3. Install rigid foam insulation over the entire surface of the roof. Place the sheets close together but don’t let them overlap.
  4. Use duct tape to seal the seams and further protect against moisture/air leaks.
  5. According to the manufacturer’s instructions, install the metal roofing panels over the insulation.

Existing Roof

  1. From inside the attic, examine the underside of your metal roof. You should see a layer of plywood roof sheathing supported by a framing system. The small, horizontal beams are called purlins and the larger, angled ones are called joists.
  2. Place fiberglass batts into any gaps you can find between the sheathing and the purlins. This type of insulation can be less effective if it’s packed too tightly, so try to fit it loosely into the spaces.
  3. Cover wider spans of roof sheathing between joists using rigid foam insulation. Cut each sheet to the best size and fasten it in place with staples or adhesive.

Insulated Metal Roof

Frequently Asked Questions

We took some of our customers’ most frequently asked questions about metal roofing with insulation and answered them below. If you have further questions, please feel free to contact us!

Does a metal roof need insulation?

Yes, it is highly recommended to use insulation with your metal roof. Insulation helps improve your home’s energy efficiency, keeping you warm during the winter and cool during the summer.

What is the best way to insulate a metal roof?

You can find the best way to insulate a new or existing metal roof by reading our aforementioned “How to Insulate” section in this article. If you have further questions, please don’t hesitate to contact us by calling 215-798-9790.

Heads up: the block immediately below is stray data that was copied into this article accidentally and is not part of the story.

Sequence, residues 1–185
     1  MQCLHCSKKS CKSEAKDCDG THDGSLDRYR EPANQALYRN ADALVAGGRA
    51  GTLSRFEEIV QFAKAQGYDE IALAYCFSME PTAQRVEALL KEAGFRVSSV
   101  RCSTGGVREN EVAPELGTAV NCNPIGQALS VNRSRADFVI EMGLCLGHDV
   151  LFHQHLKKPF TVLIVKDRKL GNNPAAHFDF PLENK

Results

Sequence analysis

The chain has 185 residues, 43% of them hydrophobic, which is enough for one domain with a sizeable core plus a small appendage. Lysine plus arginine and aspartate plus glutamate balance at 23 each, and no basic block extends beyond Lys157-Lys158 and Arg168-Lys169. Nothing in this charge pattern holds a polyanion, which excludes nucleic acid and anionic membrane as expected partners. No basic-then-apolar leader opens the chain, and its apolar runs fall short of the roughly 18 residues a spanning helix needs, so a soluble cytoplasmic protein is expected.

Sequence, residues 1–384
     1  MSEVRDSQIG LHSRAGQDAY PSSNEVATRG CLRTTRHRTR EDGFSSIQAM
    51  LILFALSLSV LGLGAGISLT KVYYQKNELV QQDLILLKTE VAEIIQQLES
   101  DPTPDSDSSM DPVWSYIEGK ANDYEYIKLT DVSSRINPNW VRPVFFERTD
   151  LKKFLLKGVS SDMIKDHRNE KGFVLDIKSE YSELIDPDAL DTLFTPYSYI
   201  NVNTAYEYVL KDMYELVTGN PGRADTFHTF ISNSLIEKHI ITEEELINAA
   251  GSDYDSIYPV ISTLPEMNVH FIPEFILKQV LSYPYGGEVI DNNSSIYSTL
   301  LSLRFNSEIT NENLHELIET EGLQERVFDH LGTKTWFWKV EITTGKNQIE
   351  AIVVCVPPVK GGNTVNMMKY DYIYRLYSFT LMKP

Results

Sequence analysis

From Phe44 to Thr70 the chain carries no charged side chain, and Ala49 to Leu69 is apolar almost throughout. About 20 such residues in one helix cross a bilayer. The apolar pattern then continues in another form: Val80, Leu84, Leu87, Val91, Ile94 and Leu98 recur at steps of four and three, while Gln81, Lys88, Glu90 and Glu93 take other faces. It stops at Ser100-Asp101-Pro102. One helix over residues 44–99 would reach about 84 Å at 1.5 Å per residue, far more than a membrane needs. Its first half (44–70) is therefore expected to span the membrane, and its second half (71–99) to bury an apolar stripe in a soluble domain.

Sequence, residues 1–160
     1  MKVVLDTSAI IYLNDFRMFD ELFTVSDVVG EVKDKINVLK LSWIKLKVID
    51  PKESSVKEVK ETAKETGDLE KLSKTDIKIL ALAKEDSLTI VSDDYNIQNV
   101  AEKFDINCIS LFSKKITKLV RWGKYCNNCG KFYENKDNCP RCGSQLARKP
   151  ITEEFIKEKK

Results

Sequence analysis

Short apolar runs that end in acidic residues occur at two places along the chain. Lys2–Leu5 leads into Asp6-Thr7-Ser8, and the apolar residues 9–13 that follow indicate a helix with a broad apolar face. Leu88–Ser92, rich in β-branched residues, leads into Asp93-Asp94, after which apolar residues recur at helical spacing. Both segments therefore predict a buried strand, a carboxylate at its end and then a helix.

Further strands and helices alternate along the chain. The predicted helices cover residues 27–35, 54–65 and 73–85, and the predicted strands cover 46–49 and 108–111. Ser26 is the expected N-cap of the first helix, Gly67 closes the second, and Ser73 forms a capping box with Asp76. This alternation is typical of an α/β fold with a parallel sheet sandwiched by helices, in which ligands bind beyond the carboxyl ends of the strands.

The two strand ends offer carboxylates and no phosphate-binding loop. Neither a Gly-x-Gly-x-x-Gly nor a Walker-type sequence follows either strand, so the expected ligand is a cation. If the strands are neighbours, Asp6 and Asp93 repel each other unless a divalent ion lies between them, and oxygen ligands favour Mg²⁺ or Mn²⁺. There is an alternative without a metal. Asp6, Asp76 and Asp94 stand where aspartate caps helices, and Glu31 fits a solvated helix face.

How do I stop my metal roof from sweating?

Metal roof sweating results from too much humidity condensing on the underside of your roof. Underlayment will help prevent this. You’ll also need to make sure there’s good ventilation to allow for proper airflow.

Do you need a vapor barrier under a metal roof?

To prevent too much condensation from forming under your metal roof, it’s best to add a vapor barrier underneath. Vapor barriers stop moist air from flowing up through the insulation and condensing on the roof.

Do you need plywood under a metal roof?

While placing plywood under a metal roof isn’t a requirement, it is recommended for some homeowners. Plywood helps protect the insulation for when the roof eventually needs to be replaced and it also provides additional soundproofing.

Get Started Choosing Your Type of Insulation Today

The best insulation for a metal roof, whether it’s a standing seam, a corrugated metal roof, or a metal roof over shingles, depends on your preferences. At Legacy Service, we can help you determine the right one. To get started, give us a call at 215-798-9790 or visit us at https://legacyusa.com/contact/.

Posted on Mar 16, 2020 in Roof